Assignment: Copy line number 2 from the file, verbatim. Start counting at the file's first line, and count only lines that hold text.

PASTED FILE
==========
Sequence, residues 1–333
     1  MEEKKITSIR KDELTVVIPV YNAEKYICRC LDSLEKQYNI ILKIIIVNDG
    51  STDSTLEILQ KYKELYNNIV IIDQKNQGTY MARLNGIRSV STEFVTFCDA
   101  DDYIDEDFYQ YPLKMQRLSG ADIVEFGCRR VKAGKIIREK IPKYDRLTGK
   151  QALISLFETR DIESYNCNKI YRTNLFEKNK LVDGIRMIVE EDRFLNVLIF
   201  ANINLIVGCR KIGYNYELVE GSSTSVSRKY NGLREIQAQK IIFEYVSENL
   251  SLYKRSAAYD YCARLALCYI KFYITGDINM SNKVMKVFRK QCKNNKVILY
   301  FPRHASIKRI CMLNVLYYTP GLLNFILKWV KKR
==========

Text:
     1  MEEKKITSIR KDELTVVIPV YNAEKYICRC LDSLEKQYNI ILKIIIVNDG